In a way, there may be a parallel with the Food Innovation Center project SRG did for the College of Agricultural Sciences at Oregon State University and the Department of Agriculture for the State of Oregon. The project was in recognition of Oregon ranking very high among the 50 states in terms of the percentage of its economy based in agriculture and very low in terms of value added to those products. We tended to ship raw products to others who added value to those products. For example, fruit would get made into jams and chutneys out of state, increasing the value of Oregon's produce. The food Innovation Center’s purpose was to assist Oregon based producers of agricultural products to add value to those products to strengthen their economic base and add skilled jobs to Oregon’s economy, in other words, making the jams and chutneys in Oregon. Similarly, Oregon has relied upon exporting logs to which value was added in other places. Now the emphasis is upon adding products, technologies, skills and expertise to the equation. With that in mind you should note that a new product, Mass Plywood Panels (MPP), is expected to be in production soon at Freres Lumber Company. Developing CLT and MPP technology here adds value to our wood resources and creates the types of wood technology that can have significant impact upon the wood products industry and the construction industry.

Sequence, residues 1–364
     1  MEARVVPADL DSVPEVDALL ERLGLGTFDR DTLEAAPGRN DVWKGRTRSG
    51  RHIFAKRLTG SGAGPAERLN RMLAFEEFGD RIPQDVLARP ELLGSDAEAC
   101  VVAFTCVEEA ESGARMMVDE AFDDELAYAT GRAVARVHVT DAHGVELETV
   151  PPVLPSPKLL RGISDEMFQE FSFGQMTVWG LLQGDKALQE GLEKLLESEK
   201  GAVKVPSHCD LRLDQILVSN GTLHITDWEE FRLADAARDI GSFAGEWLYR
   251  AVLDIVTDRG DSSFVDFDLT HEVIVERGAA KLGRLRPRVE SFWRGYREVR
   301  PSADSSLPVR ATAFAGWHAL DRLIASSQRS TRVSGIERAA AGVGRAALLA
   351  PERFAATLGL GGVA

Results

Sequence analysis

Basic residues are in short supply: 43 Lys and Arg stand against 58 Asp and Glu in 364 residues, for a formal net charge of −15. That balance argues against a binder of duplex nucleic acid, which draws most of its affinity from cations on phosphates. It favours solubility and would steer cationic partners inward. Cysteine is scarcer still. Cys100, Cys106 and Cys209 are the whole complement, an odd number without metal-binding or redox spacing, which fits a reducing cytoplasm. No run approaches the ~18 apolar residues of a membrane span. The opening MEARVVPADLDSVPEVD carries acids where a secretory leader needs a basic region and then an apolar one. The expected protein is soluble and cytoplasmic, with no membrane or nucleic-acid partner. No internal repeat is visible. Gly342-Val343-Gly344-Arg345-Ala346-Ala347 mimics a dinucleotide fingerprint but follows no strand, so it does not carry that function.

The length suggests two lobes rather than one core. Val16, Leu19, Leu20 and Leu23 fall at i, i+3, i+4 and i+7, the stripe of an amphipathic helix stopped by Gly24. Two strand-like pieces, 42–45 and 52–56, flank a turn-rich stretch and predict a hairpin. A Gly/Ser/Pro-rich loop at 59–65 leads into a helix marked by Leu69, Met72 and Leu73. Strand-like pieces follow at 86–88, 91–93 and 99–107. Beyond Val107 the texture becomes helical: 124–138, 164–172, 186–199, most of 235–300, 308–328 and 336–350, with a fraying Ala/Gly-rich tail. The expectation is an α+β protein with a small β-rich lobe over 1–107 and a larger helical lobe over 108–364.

Last May, I joined a group organized by the TallWood Design Institute that toured Northern Italy, Austria, and Switzerland to visit more CLT manufacturing plants and buildings. The group included researchers, manufacturers, developers, and architects. We met with a number of European manufacturers, and we were exposed to the wide-ranging expertise that has developed along-side this technology as well as some outstanding projects that demonstrate its versatility. It was very interesting to see the diverse ways of approaching CLT technology and the range of applications that they chose to focus upon. Each one had a unique view and value, and the region was stronger for it. These technological advances have had a major impact upon the construction industry in Europe and have been exported around the world.

Note the incredible detailing on these CLT beams from Blumer-Lehman in Gossau, Switzerland
Curved and interlocking CLT members from Blumer-Lehman in Gossau, Switzerland


Zurich Zoo elephant habitat under a CLT dome

Really, that’s what's exciting about CLT - it's a new technology that will greatly benefit our built environment, our natural environment, and the place of wood in our culture.

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Kent Duffy

FAIA, LEED AP BD+C

Principal